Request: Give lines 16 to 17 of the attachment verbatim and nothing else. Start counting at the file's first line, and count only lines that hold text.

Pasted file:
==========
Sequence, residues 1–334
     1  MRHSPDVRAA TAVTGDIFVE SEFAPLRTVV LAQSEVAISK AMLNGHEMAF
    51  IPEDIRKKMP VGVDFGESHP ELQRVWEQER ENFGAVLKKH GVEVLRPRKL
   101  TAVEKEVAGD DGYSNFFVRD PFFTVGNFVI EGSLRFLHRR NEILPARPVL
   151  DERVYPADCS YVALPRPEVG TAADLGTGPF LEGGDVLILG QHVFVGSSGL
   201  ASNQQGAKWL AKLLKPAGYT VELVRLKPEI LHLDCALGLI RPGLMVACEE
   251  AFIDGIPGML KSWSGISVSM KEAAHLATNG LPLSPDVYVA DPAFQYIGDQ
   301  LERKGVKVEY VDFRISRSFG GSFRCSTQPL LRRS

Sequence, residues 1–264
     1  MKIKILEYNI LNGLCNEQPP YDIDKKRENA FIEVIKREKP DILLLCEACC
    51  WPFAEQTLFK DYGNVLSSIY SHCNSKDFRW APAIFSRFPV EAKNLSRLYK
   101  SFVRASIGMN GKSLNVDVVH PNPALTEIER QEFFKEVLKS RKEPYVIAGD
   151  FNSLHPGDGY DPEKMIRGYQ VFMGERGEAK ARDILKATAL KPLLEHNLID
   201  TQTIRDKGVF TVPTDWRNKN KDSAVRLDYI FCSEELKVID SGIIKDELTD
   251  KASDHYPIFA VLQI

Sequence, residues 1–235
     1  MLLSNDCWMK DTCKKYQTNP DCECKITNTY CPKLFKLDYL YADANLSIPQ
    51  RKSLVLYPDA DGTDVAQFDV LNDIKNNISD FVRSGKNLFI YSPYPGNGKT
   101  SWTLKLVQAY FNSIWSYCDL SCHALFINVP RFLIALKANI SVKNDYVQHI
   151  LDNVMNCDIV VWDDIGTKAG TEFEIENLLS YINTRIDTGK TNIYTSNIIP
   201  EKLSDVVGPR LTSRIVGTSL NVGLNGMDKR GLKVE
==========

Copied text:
Sequence, residues 1–235
     1  MLLSNDCWMK DTCKKYQTNP DCECKITNTY CPKLFKLDYL YADANLSIPQ